Many critics are up in arms over the fact that Liberia is partnering with Bridge International Academies (BIA), an American firm that has investors such as Mark Zuckerberg, Bill Gates, and the World Bank Group’s International Finance Corporation (IFC). Engaging a single provider in such a large experiment is risky. But, at this point, it is not even clear that is the case. Liberia says they will run a competitive procurement process to identify partners, so one would hope that there would be multiple partners in the mix, and an opportunity to test out more than one approach. The eco-system of private providers is a large one. There are the likes of BIA, which are large multinational chains, and then, there are the single-entrepreneur schools, community/NGO schools, church-run schools, etc. One could argue that local private players are better rooted in the communities they work in and therefore, are more responsive and accountable. But these are assumptions that this pilot should help test out.

When Liberia decides to initiate a pilot of up to 120 schools (3% of the all public schools in the country), it is not abdicating its responsibility towards its children. By starting this pilot, the Liberian government is neither off the hook for improving quality of the remaining public schools in the country, nor can it give up its oversight of private schools that would function under its watch. The criticism of Liberia on the lines that it is “outsourcing its entire education system” just isn’t right. As a country in the middle of a post-conflict recovery process, Liberia needed to do something different to revive its education sector. This is a bold gamble, and promises to be an interesting public policy experiment. On this occasion, we must not be too quick to judge Liberia.


This is also my livemint column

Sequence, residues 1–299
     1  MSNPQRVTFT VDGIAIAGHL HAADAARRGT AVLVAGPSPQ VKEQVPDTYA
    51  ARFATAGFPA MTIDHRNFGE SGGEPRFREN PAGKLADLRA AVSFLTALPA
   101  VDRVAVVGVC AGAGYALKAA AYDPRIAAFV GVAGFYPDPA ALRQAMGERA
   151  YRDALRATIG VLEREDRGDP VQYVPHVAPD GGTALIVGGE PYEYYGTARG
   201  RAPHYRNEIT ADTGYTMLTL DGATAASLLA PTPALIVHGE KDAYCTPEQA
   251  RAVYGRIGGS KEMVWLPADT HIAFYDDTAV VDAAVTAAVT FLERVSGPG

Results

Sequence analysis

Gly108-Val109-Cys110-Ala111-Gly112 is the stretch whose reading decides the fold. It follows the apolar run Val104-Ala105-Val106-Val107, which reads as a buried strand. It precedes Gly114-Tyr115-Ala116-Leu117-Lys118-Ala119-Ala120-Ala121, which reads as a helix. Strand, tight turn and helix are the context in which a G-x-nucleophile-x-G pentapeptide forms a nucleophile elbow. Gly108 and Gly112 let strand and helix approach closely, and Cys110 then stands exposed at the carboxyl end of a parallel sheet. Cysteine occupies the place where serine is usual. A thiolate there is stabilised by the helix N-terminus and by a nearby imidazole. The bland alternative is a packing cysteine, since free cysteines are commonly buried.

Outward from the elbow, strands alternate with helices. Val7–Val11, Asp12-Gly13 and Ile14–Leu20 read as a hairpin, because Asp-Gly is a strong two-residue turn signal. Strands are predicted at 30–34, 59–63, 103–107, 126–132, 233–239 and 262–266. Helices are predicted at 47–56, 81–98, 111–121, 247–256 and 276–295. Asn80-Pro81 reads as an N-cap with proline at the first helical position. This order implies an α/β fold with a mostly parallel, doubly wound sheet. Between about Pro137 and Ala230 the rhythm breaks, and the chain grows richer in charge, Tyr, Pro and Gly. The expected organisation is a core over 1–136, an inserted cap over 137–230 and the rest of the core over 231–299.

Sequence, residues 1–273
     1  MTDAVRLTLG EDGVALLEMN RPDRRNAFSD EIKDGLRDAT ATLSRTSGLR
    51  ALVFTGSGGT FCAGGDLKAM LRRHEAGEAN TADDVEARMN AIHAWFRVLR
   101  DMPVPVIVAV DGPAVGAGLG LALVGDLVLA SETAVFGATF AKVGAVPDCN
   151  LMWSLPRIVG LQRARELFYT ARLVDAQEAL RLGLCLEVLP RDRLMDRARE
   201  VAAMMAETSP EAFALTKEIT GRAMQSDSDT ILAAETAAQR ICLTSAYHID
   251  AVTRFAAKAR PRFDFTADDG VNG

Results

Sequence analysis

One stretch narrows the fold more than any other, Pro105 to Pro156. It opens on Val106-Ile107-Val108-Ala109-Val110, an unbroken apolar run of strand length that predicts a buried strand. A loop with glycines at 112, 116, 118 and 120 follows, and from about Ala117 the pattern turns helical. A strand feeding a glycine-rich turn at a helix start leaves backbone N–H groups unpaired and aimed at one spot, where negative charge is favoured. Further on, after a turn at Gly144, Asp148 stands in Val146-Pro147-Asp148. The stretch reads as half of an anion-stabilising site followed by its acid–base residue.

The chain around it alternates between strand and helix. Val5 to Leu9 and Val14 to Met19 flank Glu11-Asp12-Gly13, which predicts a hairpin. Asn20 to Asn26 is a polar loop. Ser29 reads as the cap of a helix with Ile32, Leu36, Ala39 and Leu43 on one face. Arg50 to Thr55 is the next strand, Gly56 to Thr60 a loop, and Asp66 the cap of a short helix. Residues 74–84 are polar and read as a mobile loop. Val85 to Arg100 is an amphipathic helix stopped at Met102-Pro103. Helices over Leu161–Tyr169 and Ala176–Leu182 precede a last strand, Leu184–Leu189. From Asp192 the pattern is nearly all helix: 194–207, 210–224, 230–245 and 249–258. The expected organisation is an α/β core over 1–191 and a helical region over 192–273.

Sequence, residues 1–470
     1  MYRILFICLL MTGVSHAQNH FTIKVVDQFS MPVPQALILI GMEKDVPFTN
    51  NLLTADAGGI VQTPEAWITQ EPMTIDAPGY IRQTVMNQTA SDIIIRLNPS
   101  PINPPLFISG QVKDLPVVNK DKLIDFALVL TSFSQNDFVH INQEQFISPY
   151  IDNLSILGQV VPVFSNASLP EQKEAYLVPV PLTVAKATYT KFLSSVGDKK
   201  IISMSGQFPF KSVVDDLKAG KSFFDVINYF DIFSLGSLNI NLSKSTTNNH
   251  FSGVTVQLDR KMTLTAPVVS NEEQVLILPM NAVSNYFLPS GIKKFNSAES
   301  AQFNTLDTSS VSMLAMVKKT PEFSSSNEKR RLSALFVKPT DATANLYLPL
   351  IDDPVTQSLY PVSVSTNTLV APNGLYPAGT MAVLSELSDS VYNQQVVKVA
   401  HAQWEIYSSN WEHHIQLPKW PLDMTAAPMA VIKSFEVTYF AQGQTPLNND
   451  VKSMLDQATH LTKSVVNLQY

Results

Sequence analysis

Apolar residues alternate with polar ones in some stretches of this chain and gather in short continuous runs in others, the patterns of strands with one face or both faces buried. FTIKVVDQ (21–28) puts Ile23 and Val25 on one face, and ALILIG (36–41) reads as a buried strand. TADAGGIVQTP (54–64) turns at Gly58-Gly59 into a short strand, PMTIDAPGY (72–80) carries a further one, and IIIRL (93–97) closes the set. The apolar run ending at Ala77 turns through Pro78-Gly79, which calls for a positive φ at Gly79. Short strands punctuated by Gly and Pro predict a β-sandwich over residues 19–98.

Do phone surveys work?

A question we frequently encounter – for reasons of access, cost and reliability of data.

Interesting findings therefore, in this paper studying micro-enterprises in the township of Soweto, South Africa:

We randomly assign micro-enterprises to three groups, who receive are interviewed face-to-face at monthly intervals (mimicking a standard method of collecting data from micro-enterprises), face-to-face at weekly intervals, and by mobile phone at weekly intervals. We find high frequency data collection is useful: it captures extensive volatility in a number of measures not visible in less frequent data collection. We also find is viable: on most measures and at most quantiles of the distribution, data patterns are indistinguishable in interviews conducted weekly or monthly and face-to-face or by phone.

High frequency surveys (which are easier when conducted over the phone) provide valuable data; and the authors do not find any significant difference in attrition rates between phone and face-to-face surveys. Also, variable costs are about 40% lower for phone surveys – the cost savings would likely be higher if conducted over widely dispersed rural areas instead of an urban township.

Recap: Delhi’s #OddEven plan, in hindsight

Late last year, Delhi’s Chief Minister, Arvind Kejriwal, announced a measure to tackle the severe air pollution crisis in the city. The proposal was to implement an odd-even plan for private cars on Delhi roads: cars with odd numbered registration plates would be allowed to ply on odd dates and those with even numbered registration plates allowed on the other days. There was an exemption list that included single women (or with children), public vehicles, medical emergencies, etc. This was to be piloted for a period of fifteen days, starting on 1st January 2016.

For a detailed account of how the city dealt with this rule, see here.  An excerpt: